Wayne Brawner isn't trying to fight Atlanta City Hall.
All the Old Fourth Ward homeowner says he wants is for the city government to enforce its codes.
But two issues stretching over a year — one involving an illegal church parking sign and the other a mosquito-infested toilet in the lot adjacent to his Boulevard home — has him flustered and flushed.
"The city not following their code," Brawner explained, showing scores of e-mail correspondence with city officials over longstanding problems he's identified in his community.
"I can e-mail all of this to them, but its specific departments that do not follow through. What's the point of me e-mailing when the city departments don't follow through?"
Brawner, who lives in the 70 block of Boulevard and purchased his home in 2006, says the toilet bowl has sat there in the lot at 67 Boulevard for over a year.
Despite reams of complaints and e-mails to City Hall and the lot's owner, the Historic District Development Corp., it remains.
He said he has sprayed his yard with pest control products to keep the mosquitoes at bay, but that's proven to be an exercise in futility since the adjoining lot not only is a breeding ground for the bugs, but a magnet for rats.
"I can't even enjoy my backyard for the swarm of mosquitoes," Brawner said, adding he believes the issue stems from a lack of respect from city departments for the Old Fourth Ward.
"If it were Inman Park or Virginia-Highland, this would not have happened because it would be taken care of," he said, explaining he lived in Inman Park for 12 years and noticed a stark difference in response and action with respect to that community compared with Old Fourth Ward.
"They don’t want to do the work," he said of city agencies. "It's like they're holding this neighborhood captive. They don't want to see this neighborhood grow."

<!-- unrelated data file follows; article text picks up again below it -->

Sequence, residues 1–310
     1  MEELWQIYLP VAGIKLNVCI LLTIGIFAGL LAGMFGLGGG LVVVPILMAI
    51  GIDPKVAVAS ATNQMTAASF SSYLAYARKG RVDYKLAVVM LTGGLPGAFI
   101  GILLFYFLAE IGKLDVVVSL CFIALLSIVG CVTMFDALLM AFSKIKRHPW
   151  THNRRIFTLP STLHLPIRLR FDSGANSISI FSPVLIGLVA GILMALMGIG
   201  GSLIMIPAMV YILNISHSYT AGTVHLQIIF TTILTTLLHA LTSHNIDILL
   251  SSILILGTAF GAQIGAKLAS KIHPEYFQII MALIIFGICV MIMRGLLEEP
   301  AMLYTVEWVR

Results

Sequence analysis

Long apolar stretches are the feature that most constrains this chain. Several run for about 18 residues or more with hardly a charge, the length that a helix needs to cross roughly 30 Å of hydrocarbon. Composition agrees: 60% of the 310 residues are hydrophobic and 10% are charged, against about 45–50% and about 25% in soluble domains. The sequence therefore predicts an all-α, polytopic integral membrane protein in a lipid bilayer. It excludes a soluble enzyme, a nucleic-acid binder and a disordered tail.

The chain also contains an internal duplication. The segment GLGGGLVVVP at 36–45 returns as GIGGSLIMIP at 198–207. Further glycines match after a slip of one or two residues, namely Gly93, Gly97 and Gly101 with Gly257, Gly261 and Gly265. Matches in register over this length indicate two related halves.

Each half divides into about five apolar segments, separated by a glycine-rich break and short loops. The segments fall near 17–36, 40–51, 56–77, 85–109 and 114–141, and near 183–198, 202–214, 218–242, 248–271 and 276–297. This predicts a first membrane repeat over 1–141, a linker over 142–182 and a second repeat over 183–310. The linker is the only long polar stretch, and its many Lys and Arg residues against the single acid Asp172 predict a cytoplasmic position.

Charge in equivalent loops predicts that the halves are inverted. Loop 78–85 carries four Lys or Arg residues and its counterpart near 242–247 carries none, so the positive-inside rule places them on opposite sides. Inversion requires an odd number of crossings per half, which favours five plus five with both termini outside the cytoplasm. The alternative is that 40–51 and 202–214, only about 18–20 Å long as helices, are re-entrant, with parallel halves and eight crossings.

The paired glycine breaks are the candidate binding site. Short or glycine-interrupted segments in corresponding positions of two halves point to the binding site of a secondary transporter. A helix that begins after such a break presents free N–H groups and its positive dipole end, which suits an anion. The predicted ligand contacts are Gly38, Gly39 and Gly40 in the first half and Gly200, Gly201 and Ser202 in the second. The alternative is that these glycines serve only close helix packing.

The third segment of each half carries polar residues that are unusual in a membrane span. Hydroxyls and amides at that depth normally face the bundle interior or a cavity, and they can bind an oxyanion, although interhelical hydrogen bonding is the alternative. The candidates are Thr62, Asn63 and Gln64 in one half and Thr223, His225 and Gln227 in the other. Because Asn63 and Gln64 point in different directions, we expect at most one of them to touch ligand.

On Friday, Jesse Clark, the Historic District Development Corp.'s executive director, told Patch the toilet had been removed on Tuesday, and that in the short-term, the plans are to clean up the lot and convert it into a temporary public space.
He said he sent an e-mail to the neighborbood residents informing them of the immediate plans for the lot.
Long-term, he said the lot would be redeveloped and that HDDC is reviewing development options for other properties it owns in the neighborhood.
The toilet bowl issue is just one example that he said underscores several systemic problems and — as he sees it — inaction from city government.
All of the problems are in full public view, he said, because he sees them on a regular basis on morning walks with his dog.
At 64 Hogue St., home to the Zion Tabernacle F B H Church, there's a giant box painted on the street in front of the building that says the parking for its pastor.
The sign is illegal and despite complaints from him and Matthew W. Garbett, the president of Fourth Ward Neighbors to city parking and police officials, the sign not only remains, but also has been expanded to take up an even wider portion of the street.
No one answered the door at the church Tuesday nor answered telephone calls Wednesday and Thursday.
Jay Tribby, chief of staff to Atlanta City Councilman Kwanza Hall, whose district includes Old Fourth Ward, said the sign is illegal.
"The church cannot paint the city street and claim it as 'the pastor's,' " Tribby wrote in an e-mail to East Atlanta Patch.
"When we received a notification about this a few weeks ago, we asked the City's Public Works Dept to follow up. Even residential permit parking does not guarantee a permit holder a specific or "private" parking spot. In a neighborhood such as Inman Park, anyone with a residential parking permit is allowed to park on a given block."
One interaction with the Atlanta Police Department last year over the sign left Brawner particularly floored, he said.
Brawner said that when he called APD's Zone 5, which had enforcement jurisdiction over Old Fourth Ward at the time, to file a complaint, he was rebuffed.
" 'We don't mess with Jesus,' " Brawner said he was told, recounting the exchange.
A public works department spokeswoman said Friday the agency is investigating.
That it remains after year, underscores why some of the arguably bigger problems that he and his neighbors have pointed out remain.
- Heaps of trash and dirt left in lots on Boulevard
- A man off Hogue and Old Wheat streets who routinely strips and changes clothes on in full view of pedestrians
- Public defecation behind the church itself
"Every neighborhood has issues," Brawner said. "I want to know why the city has not taken action. It’s called neglect and it's neglect from the neighbors respecting each other's property and the city departments, they just brush it under the rug."